I do the same process with the wings but use a piece of faux leather. This is really unforgiving and a total PAIN to turn right-side out. Do not recommend. Also cannot use pins at all with this fabric, as the pin holes will show. So right sides together, sew around the shape and leave a little place for turning right-side out.

 All the parts are sewn and stuffed (plus a bunch of random other Crow doll legs.) After they are stuffed I quickly sew the tops closed. No need to be careful or pretty about it as that part is hidden inside the doll.

Moving on to the body of the doll. I have started attaching the dolls wings and tail at this stage, but you can certainly do it after by hand sewing them on. I did that for most of my dolls for years.
You cans see that Minky fabric makes TONS of fuzzies. Your house and clothes will be a mess.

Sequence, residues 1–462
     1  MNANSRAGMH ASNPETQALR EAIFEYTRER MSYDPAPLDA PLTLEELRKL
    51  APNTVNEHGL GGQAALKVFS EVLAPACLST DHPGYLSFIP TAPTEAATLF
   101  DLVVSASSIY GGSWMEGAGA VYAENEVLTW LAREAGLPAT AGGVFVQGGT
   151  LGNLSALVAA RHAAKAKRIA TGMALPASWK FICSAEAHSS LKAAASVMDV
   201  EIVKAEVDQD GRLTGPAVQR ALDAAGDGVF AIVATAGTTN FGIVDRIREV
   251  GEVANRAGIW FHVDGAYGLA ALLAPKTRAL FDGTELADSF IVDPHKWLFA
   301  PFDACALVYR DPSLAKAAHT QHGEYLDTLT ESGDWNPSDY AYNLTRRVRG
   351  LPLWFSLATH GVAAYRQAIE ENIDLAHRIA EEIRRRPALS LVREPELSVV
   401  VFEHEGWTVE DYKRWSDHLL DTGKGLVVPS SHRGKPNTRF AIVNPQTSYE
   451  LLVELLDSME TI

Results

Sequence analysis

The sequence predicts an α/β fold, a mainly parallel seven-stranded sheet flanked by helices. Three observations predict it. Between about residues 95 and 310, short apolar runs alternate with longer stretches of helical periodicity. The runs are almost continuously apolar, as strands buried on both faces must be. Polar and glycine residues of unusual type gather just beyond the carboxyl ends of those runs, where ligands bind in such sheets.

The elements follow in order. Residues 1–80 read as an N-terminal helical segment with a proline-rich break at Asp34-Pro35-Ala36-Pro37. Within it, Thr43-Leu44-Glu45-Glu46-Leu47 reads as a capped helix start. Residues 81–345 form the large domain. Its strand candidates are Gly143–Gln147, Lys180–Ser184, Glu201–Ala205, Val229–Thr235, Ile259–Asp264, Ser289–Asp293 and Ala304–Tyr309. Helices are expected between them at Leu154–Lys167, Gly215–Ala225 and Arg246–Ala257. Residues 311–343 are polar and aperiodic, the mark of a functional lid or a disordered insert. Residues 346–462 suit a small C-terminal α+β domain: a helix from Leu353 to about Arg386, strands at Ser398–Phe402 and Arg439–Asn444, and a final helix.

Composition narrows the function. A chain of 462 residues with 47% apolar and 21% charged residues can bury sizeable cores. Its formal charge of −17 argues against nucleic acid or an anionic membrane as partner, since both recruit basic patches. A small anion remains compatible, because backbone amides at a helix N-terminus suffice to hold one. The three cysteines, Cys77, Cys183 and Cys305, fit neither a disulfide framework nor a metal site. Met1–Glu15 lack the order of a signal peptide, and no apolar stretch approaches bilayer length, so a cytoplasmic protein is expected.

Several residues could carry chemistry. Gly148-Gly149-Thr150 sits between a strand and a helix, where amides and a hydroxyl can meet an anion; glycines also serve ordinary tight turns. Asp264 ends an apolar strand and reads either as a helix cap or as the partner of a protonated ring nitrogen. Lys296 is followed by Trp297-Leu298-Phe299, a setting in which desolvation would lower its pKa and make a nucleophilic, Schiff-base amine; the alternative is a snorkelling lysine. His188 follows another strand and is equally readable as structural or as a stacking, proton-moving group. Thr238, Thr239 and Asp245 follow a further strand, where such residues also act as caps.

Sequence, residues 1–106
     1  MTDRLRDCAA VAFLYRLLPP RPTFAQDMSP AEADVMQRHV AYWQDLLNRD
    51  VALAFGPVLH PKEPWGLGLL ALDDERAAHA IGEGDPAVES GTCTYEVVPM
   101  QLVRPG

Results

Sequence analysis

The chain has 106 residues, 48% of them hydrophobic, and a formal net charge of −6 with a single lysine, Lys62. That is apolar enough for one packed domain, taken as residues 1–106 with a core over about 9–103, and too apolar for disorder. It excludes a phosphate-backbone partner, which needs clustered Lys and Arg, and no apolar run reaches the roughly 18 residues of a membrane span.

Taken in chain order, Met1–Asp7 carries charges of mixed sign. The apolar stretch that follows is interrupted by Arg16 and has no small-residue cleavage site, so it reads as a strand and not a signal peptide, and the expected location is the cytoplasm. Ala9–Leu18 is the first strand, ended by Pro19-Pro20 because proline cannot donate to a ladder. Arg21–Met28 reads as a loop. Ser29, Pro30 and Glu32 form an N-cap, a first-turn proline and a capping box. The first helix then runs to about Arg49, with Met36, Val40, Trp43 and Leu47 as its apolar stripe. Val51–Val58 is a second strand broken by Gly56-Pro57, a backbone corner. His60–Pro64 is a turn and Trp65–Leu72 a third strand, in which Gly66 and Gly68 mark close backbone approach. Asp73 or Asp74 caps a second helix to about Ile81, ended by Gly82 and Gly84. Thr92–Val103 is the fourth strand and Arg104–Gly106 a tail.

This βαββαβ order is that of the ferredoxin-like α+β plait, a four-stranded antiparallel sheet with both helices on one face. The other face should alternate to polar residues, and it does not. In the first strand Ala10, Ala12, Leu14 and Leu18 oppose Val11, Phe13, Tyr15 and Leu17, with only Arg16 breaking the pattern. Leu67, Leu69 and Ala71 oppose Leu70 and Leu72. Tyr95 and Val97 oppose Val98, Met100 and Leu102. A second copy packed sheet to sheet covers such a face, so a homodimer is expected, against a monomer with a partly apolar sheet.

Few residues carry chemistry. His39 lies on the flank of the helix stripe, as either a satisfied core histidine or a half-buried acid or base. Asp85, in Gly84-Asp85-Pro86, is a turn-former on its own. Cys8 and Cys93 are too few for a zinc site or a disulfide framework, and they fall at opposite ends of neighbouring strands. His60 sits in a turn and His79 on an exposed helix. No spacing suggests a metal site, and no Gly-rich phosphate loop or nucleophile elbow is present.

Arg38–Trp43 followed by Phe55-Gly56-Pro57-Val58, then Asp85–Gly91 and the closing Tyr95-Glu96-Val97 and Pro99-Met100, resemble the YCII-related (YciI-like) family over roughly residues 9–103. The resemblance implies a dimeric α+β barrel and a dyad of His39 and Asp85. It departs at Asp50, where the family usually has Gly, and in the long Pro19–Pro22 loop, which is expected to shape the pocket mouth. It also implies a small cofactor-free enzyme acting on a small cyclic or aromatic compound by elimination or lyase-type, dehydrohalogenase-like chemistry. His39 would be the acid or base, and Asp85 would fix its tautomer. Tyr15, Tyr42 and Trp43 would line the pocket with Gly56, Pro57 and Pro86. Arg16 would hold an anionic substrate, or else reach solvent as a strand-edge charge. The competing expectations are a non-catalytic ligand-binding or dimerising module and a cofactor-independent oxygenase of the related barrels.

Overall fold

Ok If you haven't made a doll before, here is probably where you are like, what is happening?? 
I have matched up the front and back body of the doll and sewn around the perimeter BUT leaving arm and leg holes. PLUS I left one small opening (look where the tail is coming out of the side of the body) open for stuffing. Make sure if you attached things like the wings or tail already that they don't get caught up inside when you sew. 

This part can get tricky.  Since you are making this doll inside out, legs and arms can easily get sewn in backwards. Take a minute with each doll part you sew in and think about how it will be when it is turned the right way out. I honestly some times have to  think of my own body folded like this doll is. I have made hundreds of dolls by now and I can still make errors.

You can think of it like "the front of the legs should be touching the front of the body" while I am sewing it. Same for the arms. You will understand when you do it the wrong way round by accident!